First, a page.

Small Pelagics Research Co-ordination Program
Colin Buxton and Associates
Several scientific studies have recently examined the effects of fisheries on small pelagic species (also sometimes called forage fish) and how they should be managed so as to avoid undesirable flow-on effects of these fisheries on the food web and ecosystem. There is now clear and widely agreed understanding about how these fisheries should be managed, and this understanding has a strong scientific basis (e.g. Smith et al. 2011). The latest and most comprehensive study and guidance comes from the Lenfest Forage Fish Task Force (Pikitch et al. 2012). Although methods used to set the TAC in the SPF were consistent with this scientific advice, recent attempts to introduce a factory trawler into the fishery were met with intense public resistance. Much of the concern related to perceived risks of localised depletion and the impact that this would have on fisheries for predator species (eg SBT). Thus the interaction between commercial fisheries for small pelagics and commercial and/or recreational fisheries that target predators is pertinent. There was also considerable debate over the stock status and assessment method (Daily Egg Production Method – DEPM). This highlighted a significant level of distrust in the science and management of small pelagics, something that is likely to continue unless a concerted effort is made to increase our understanding of small pelagic fisheries and to better communicate this knowledge to the community and other stakeholders. The aim of this project is to build confidence in the science underpinning the sustainability of small pelagic fisheries in Australia. Pikitch, E., et al. (2012) Little Fish, Big Impact: Managing a Crucial Link in Ocean Food Webs. Lenfest Ocean Program. Washington, DC. 108 pp. http://www.oceanconservationscience.org/foragefish/ Smith, A.D.M., et al. (2011) Impacts of fishing low-trophic level species on marine ecosystems. Science, 333: 1147-1150
1. To administer and co-ordinate the activities of FRDC funded small pelagics (SP) research
2. To review project proposals to ensure stakeholder relevance
3. To review milestone reports and final reports
4. To facilitate and chair meetings of the SP Technical Committee
5. To ensure appropriate liaison between beneficiaries and research providers
6. To provide advice to FRDC, DAFF, AFMA and other stakeholders on SP research
7. To communicate findings of SP research through: a) Research meetings (possibly held in conjunction with a major conference such as ASFB or Seafood Directions) b) Specialist workshops aimed at stakeholders on topics identified through the course of the program; and c) Relevant articles in the media and Fish magazine
Principle Investigator: Professor Colin Buxton
Key words: small pelagic fish, forage fish, Jack Mackerel trachurus declivis, Redbait emmelichthys nitidus, Blue Mackerel scomber australasicus, Australian Sardine sardinops sagax, maine mammal interactions, factory trawling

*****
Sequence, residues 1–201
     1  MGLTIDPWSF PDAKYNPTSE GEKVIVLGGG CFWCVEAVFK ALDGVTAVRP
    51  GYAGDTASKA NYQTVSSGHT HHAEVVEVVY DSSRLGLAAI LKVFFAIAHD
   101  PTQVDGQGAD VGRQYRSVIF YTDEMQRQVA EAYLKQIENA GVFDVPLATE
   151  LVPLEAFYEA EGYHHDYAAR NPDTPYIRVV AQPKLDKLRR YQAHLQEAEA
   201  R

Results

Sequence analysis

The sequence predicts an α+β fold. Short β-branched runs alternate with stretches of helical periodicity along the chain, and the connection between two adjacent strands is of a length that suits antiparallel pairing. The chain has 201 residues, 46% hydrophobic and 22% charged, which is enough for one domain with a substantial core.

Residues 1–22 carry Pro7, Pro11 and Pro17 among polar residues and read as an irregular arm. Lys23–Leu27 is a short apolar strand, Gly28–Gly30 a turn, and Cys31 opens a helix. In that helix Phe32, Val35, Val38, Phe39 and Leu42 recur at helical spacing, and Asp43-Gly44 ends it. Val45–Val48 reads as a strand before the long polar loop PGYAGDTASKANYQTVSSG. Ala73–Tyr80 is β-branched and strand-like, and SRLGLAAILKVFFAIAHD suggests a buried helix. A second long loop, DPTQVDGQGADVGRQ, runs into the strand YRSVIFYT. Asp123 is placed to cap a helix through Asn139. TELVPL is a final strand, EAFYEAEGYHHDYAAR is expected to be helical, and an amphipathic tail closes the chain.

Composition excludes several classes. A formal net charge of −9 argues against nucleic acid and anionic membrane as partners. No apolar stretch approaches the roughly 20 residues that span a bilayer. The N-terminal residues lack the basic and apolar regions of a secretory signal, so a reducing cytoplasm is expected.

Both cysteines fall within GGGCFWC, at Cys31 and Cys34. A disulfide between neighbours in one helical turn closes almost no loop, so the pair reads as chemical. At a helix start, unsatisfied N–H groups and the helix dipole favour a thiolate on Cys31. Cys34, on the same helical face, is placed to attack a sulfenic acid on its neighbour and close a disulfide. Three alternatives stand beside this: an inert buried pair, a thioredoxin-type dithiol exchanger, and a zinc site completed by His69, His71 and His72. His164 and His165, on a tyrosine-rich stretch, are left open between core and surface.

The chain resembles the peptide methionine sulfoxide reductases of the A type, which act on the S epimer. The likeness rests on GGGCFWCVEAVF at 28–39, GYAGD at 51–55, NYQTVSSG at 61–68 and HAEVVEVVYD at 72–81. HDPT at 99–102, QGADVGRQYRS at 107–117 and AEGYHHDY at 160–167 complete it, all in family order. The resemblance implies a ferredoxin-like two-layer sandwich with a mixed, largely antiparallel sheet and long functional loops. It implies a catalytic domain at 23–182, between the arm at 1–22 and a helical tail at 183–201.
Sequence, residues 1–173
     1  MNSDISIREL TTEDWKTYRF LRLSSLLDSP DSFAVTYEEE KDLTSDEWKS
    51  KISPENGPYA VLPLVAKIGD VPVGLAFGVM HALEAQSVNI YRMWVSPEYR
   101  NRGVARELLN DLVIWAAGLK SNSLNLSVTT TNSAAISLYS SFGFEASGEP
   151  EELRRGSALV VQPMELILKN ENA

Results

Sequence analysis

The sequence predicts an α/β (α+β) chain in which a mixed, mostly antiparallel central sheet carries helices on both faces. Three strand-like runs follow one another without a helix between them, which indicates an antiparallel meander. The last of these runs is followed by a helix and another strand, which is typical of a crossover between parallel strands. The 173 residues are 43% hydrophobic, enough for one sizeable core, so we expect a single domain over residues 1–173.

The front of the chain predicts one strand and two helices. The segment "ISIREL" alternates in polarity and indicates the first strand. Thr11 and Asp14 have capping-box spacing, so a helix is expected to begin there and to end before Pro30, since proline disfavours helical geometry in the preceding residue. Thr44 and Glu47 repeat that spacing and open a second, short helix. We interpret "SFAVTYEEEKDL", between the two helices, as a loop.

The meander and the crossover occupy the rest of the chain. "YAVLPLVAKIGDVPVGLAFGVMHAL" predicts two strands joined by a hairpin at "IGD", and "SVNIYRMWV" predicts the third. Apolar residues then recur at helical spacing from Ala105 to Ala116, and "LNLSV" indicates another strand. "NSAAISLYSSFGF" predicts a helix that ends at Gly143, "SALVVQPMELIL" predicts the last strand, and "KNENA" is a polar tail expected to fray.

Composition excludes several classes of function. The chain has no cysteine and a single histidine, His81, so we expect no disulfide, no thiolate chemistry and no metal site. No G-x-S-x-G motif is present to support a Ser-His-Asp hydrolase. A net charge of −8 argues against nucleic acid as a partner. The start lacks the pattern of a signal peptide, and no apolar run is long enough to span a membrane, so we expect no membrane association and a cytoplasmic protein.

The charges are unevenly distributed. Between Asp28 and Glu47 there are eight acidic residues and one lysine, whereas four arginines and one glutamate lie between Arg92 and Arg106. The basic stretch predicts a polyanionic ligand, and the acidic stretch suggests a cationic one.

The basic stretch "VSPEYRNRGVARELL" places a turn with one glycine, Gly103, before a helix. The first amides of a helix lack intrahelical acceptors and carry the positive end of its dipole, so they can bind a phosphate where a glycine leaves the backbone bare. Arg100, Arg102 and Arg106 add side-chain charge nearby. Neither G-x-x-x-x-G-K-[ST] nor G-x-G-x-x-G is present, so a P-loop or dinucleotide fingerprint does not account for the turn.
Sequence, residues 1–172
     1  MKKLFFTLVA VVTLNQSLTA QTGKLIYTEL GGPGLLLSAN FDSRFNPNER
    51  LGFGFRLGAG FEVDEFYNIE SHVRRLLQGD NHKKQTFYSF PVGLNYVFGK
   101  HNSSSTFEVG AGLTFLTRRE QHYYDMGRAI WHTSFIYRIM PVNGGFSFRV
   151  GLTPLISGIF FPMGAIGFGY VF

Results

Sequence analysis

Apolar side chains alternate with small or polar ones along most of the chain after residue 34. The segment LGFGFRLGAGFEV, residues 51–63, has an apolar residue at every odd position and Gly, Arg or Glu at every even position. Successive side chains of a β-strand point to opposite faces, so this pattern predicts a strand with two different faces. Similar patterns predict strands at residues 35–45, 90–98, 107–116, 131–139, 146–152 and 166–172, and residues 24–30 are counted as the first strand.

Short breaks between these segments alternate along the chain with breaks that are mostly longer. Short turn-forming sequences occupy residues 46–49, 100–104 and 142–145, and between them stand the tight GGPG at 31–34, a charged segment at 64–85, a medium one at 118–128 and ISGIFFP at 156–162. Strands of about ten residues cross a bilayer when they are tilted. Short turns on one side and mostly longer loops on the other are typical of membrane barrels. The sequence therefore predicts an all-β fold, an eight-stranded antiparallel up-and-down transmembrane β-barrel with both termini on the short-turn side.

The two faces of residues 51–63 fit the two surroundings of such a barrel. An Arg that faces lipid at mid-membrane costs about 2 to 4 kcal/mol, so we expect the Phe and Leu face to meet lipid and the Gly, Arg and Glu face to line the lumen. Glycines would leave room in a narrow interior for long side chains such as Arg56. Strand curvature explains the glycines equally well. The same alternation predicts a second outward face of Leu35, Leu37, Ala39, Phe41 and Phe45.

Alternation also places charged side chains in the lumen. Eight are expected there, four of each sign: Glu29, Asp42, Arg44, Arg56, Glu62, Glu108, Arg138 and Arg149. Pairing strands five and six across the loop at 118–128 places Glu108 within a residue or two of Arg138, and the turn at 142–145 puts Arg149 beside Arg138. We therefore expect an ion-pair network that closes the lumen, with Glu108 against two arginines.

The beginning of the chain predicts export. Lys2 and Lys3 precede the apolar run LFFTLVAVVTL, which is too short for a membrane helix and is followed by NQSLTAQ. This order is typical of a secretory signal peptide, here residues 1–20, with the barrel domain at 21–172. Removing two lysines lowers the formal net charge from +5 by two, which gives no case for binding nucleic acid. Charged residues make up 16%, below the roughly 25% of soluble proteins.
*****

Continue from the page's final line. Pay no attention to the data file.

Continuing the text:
Summary: The Small Pelagics Research Co-ordination Program (SPRCP) was established to ensure that small pelagic fisheries R&D conducted by the FRDC was coordinated, made the most efficient use of available resources, and integrated key stakeholders including industry, government and research providers.
Small pelagic fish form an important link between primary and secondary producers and higher predators including tunas, seabirds and marine mammals. They also form some of the world's largest pelagic fisheries in the upwelling regions around the world. In Australia, despite our waters being relatively less productive, small pelagics support valuable localised fisheries for species such as sardines, anchovy and mackerels.
The introduction of large factory trawlers into the Small Pelagic Fishery revealed a significant lack of confidence and level of public distrust in the science and management of small pelagics in Commonwealth waters. This included debate over the stock status and assessment method and highlighted a need to increase our understanding of small pelagic fisheries and to better communicate this knowledge to the community and other stakeholders.
The aim of the co-ordination program was to build confidence in the science underpinning the sustainability of small pelagic fisheries in Australia.
This was achieved through a series of high profile workshops that included broad stakeholder engagement across industry, community, government and research, media reports and articles, and the completion of several major research projects. Research contributed significantly to the understanding of the stock status of target species in the Small Pelagic Fishery (SPF), while an international expert forum suggested that the assessment and management frameworks for Australia's fisheries for small pelagic species, especially the South Australian Sardine Fishery (SASF), were consistent with the world best practice.
Despite this there remains a considerable lack of community support for SPF and more needs to be done to build social acceptance in this fishery and to counter misinformation about the sustainability of small pelagic fisheries in Australia.